Mayor: Investigators believe child playing with stove caused deadly Bronx fire

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Investigators believe a Bronx fire that killed a dozen people was caused by a child playing with a stove. (WTVD)

New York City Mayor Bill de Blasio said Friday afternoon that investigators believe a Bronx fire - that killed a dozen people - was caused by a child playing with a stove.

Authorities said a 3-year-old boy was in the kitchen playing with the stove's burners. They said his mother didn't know until he started to scream, but by the time she got into the room, it was too late.

During a press conference, fire officials said the child has a history playing with burners and that fires caused by children are not "unusual but are sad."



Investigators said a natural gas line fueled a fire.

It's the worst fire tragedy in NYC in at least a quarter of a century.

The victims killed were eight adults and four children - ranging in age from 1 to 63. Four people remain in critical condition.

"It is an unspeakable tragedy, and families have been torn apart," de Blasio said.

The 5-alarm fire broke out just before 7 p.m. on Prospect Avenue near East 187 St. on the first floor of the five-story building.

The flames quickly spread up to the fifth floor. The building is described as "non-fireproof" and is highly combustible.

PHOTOS from the scene:



More than 170 firefighters responded to the scene.

The fire was brought under control just after 9 p.m. The scene is described as having a very heavy smoke condition. The victims perished on every floor of the building.

"In a department that's certainly no stranger to tragedy we're shocked by this loss," FDNY Commissioner Daniel Nigro said.

The Office of Emergency Management and the MTA sent buses to the location to accommodate residents that have been evacuated from the building.

"This is the worst fire tragedy we have seen in this city in at least a quarter-century," Mayor de Blasio said during a press conference at the scene. "Based on the information we have now, this will rank as one of the worst losses of life to a fire in many, many years."

Fire Commissioner Daniel Nigro called the fire, "historic in its magnitude," because of the number of lives lost. Excluding the Sept. 11 attacks, it was the worst fire in the city since 87 people were killed at a social club fire in the Bronx in 1990.



"Our hearts go out to every person who lost a loved one here and everyone who is fighting for their lives," Nigro said.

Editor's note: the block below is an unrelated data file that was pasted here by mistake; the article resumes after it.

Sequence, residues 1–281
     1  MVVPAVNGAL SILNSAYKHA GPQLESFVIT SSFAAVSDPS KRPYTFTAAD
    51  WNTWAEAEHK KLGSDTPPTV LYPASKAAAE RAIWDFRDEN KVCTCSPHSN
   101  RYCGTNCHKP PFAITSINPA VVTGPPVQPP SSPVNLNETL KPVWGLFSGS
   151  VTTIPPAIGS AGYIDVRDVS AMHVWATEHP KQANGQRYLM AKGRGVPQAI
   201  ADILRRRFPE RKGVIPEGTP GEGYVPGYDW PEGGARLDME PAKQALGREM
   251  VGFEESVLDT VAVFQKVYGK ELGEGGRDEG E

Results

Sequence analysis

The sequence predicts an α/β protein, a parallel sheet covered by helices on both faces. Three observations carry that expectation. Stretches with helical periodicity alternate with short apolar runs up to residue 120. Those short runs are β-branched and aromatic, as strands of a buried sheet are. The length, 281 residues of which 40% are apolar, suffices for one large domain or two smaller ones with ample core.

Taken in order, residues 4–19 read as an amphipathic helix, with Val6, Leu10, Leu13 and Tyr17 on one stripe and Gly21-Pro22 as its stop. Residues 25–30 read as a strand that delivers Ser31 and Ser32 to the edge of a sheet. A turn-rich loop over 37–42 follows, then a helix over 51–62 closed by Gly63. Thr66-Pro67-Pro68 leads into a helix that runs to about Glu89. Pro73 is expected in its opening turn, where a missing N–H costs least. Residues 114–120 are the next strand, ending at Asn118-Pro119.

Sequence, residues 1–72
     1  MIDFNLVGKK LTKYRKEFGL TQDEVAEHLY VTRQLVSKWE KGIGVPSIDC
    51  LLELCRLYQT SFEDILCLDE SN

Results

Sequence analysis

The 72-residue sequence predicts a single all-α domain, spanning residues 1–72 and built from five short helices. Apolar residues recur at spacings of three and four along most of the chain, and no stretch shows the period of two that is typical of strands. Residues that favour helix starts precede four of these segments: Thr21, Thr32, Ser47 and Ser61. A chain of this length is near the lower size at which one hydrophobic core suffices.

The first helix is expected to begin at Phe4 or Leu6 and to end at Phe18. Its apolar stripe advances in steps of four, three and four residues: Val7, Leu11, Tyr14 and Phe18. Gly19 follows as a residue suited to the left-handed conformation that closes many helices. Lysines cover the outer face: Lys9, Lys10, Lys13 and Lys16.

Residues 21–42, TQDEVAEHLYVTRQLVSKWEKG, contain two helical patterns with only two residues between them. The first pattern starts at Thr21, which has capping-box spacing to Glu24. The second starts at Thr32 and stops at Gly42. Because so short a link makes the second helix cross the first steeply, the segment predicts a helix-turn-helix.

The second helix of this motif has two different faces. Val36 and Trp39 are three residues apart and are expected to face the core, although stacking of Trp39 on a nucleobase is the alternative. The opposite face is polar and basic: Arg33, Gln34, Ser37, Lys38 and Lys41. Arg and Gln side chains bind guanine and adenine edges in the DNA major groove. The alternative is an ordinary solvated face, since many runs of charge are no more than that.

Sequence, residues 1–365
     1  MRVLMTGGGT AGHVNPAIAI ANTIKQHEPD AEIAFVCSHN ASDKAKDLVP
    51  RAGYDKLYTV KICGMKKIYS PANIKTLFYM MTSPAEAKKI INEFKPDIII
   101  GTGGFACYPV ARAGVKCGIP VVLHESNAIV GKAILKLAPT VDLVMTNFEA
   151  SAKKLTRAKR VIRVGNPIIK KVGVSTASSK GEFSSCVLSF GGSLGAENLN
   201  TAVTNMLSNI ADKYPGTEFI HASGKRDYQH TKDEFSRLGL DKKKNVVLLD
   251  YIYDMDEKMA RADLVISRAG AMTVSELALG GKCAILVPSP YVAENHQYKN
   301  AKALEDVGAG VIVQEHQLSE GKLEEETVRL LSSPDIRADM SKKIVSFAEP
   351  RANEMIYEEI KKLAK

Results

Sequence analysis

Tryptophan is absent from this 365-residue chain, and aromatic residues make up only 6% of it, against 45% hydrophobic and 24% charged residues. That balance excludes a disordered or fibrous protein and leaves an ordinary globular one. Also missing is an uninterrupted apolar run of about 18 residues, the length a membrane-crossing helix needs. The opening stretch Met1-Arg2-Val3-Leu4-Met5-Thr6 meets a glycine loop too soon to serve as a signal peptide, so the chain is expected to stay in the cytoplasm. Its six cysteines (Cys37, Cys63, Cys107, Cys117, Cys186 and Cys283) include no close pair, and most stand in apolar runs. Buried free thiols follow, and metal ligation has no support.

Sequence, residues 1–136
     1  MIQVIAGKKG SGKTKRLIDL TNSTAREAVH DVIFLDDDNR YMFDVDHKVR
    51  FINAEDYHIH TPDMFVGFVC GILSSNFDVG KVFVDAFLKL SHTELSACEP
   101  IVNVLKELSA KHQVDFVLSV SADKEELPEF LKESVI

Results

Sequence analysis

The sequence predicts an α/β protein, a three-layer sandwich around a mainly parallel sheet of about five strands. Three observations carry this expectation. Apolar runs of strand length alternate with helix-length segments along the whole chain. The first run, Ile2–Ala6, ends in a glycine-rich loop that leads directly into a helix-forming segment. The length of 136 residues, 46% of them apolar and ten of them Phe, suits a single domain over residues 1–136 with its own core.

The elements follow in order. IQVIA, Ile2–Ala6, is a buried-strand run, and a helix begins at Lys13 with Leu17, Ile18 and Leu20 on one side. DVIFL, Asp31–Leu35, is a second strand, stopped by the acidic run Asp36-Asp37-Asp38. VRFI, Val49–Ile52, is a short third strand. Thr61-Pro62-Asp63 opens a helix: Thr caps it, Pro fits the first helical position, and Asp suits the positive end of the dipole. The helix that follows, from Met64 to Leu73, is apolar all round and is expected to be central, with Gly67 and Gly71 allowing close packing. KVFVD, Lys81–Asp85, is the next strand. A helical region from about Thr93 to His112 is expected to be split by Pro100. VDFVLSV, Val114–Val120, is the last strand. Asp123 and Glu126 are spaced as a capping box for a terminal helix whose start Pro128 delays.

Some tenants of the building, a mix of native New Yorkers and Latino and African immigrants, climbed down fire escapes. But the flames moved so fast that many never made it out of their apartments.



Thierno Diallo, 59, a security guard originally from Conakry, Guinea, who lives in a ground floor apartment said he was home asleep when he heard banging on the door. It took him a moment to realize what was happening.

"Only when I heard people screaming, 'There's a fire in the building!'" he said. "I heard somebody, 'Oh! Fire! Fire! Fire!'"

He ran out in his bathrobe, jacket, and sandals.

Kenneth Kodua, 37, said he left his apartment to get food, leaving his roommate behind and came back to find people fleeing in a panic.

Hours later, he was still trying to find out whether his roommate escaped.

"I tried calling her. I tried calling. No answer," he said, still clutching his bag of uneaten food. His phone was dead.

Many questions remained in the immediate aftermath of the blaze, including how the fire spread so quickly in a brick building built after catastrophic fires at the turn of the 20th century ushered in an era of tougher enforcement of fire codes.

The building had more than 20 units. It was not new enough that it was required to have modern-day fireproofing, like sprinkler systems and interior steel construction.

Eyewitness News Reporter Josh Einiger was live on the scene:



Neighborhood resident Robert Gonzalez, who has a friend who lives in the building, said she got out on the fire escape as another resident fled with five children.

"When I got here, she was crying," Gonzalez said.

Other witnesses described seeing burned bodies being carried away on stretchers and young girls who had escaped the building standing barefoot outside with no coats.

Windows on some upper floors were smashed and blackened. Displaced residents wrapped in Red Cross blankets were staying warm on city buses, brought in to provide heat.

The death toll surpassed the 10 who died, including nine children, in a four-story home in another part of the Bronx in 2007. That blaze had been sparked by a space heater.

Diallo said the apartment building has tenants who hail from all over the world.
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